Why we need more than just the EU carbon market to tackle industrial pollution

(EurActiv, 2 May 2019) Latest data shows that the market-based solution alone is not enough to cut carbon pollution from heavy industry in line with the Paris Agreement goals. A new industrial policy mix is needed to ensure Europe is on a pathway to net-zero carbon emissions by 2040, writes Agnese Ruggiero.

Agnese Ruggiero is a Policy Officer at Carbon Market Watch, an NGO working on the long-term decarbonisation of Europe.

Today, the European Commission is expected to release the final 2018 emissions data under the European Emission Trading System (EU ETS).

An analysis of the preliminary data conducted by the NGO Sandbag in early April already showed that overall between 2012 and 2018, the sectors covered by the EU ETS have reduced carbon emissions by 13%. This reduction is almost single-handedly a result of reduced energy generation from hard coal power plants.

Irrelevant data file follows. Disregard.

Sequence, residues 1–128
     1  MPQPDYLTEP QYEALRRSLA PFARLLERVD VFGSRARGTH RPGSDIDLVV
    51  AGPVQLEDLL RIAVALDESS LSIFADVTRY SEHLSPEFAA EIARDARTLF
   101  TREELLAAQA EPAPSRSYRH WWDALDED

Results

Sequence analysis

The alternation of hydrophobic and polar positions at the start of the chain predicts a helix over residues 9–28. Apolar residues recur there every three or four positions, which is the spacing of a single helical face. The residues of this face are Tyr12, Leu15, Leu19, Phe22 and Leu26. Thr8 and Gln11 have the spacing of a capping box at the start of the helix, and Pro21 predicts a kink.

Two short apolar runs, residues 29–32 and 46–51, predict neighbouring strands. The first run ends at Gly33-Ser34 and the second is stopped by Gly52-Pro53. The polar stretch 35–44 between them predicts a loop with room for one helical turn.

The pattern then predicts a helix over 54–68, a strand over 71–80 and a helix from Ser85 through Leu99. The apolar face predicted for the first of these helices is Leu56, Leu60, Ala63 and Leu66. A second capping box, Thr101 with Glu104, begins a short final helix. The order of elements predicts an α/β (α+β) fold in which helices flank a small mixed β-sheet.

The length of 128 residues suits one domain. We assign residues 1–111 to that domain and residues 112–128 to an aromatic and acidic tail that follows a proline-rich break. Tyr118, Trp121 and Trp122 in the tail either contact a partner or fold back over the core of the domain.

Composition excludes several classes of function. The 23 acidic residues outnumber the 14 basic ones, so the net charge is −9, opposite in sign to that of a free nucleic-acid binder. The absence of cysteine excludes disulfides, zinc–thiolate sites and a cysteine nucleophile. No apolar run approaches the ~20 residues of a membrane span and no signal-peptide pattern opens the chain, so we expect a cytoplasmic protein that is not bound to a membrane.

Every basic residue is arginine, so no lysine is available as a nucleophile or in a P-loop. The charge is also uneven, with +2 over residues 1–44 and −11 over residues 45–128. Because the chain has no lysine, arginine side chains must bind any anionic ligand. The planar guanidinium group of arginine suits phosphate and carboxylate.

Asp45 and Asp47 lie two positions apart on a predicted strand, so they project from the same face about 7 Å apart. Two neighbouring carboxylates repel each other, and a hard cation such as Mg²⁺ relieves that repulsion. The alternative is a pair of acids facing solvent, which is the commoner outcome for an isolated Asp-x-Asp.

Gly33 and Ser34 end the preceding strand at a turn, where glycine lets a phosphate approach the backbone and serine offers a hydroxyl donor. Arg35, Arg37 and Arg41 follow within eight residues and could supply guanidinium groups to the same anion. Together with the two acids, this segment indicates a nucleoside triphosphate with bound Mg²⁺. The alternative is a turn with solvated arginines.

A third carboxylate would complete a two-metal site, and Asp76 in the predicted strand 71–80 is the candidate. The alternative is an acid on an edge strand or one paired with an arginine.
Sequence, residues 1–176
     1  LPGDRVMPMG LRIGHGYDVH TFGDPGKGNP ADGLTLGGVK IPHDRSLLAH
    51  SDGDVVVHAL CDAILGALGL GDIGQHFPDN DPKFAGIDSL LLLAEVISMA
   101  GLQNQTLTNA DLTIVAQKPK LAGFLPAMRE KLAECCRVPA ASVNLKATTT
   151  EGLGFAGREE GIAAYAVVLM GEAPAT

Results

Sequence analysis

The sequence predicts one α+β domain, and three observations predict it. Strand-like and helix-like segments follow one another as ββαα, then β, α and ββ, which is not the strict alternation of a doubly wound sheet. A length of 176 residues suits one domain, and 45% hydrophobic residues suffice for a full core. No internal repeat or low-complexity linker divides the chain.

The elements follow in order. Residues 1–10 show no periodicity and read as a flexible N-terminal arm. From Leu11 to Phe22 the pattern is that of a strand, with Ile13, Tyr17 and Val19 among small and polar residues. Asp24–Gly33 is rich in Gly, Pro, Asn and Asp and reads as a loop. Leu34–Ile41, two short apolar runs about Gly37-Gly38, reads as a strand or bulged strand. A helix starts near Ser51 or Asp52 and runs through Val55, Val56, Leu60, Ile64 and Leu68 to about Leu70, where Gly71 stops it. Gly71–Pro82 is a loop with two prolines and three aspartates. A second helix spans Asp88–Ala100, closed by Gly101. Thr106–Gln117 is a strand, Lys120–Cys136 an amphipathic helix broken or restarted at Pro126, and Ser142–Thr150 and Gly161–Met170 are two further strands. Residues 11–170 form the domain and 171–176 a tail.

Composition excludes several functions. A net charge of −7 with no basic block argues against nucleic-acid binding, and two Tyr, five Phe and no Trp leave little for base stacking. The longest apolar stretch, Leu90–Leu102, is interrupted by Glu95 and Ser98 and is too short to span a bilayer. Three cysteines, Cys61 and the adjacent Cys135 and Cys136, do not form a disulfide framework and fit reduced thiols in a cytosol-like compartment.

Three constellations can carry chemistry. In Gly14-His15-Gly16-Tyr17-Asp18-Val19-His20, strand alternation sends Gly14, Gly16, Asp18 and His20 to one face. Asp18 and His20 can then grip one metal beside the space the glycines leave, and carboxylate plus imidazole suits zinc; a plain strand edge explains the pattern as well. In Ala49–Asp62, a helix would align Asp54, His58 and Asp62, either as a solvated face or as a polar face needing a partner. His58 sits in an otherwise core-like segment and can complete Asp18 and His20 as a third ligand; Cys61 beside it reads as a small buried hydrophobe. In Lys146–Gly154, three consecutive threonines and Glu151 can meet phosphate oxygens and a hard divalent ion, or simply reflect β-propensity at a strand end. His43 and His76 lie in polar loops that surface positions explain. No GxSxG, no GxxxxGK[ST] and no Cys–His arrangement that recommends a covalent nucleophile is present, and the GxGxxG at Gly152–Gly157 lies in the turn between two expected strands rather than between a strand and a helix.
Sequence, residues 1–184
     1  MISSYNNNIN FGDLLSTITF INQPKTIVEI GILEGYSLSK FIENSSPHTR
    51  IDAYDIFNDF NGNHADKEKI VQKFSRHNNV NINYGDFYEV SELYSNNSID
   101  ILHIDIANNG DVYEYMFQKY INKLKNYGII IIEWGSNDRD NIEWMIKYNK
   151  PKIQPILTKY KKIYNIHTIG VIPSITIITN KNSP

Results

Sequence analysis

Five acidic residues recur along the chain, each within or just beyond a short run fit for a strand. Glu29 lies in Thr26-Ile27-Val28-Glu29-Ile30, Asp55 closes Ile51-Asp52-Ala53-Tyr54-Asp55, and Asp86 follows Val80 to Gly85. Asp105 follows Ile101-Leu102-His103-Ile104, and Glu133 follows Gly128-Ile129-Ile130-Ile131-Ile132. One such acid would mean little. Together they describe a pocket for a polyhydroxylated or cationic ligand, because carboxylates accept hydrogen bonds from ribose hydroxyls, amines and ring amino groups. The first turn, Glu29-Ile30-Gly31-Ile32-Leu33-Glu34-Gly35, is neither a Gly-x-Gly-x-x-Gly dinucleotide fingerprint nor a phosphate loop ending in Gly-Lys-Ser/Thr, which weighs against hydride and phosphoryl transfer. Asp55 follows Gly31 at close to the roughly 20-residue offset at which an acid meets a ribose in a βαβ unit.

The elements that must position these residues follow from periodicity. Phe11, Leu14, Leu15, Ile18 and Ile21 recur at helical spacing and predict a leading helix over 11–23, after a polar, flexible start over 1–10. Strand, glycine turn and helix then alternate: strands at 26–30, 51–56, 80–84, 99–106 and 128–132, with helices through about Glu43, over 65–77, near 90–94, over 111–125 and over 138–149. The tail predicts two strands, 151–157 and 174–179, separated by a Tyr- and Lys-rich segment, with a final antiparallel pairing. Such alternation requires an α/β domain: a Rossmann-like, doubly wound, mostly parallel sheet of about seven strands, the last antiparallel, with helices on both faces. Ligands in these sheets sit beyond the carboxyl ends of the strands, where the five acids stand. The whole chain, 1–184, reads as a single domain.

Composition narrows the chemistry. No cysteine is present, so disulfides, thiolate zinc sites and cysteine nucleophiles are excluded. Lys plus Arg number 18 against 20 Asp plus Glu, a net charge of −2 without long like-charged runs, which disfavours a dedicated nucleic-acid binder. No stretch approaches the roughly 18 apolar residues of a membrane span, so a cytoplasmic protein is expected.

Seven years of flatlining industrial emissions

Emissions from industrial installations in sectors like steel, cement and chemical production, on the other hand, have not declined since 2012.

This picture is worrisome, as with its 708 million tonnes of CO2 per year – corresponding to about 40% of all EU ETS emissions-, the resource and energy-intensive industry is the third largest climate polluter in Europe. The cement, chemical and steel sectors alone are responsible for almost 60% of these emissions.

It is clear that the numerous exemptions and free pollution permits included in the legislation have failed to make the EU ETS an effective tool to drive down emissions. This is especially true for the energy-intensive industries that receive too many free emission allowances. In fact, m

External link

EurActiv, 2 May 2019: Why we need more than just the EU carbon market to tackle industrial pollution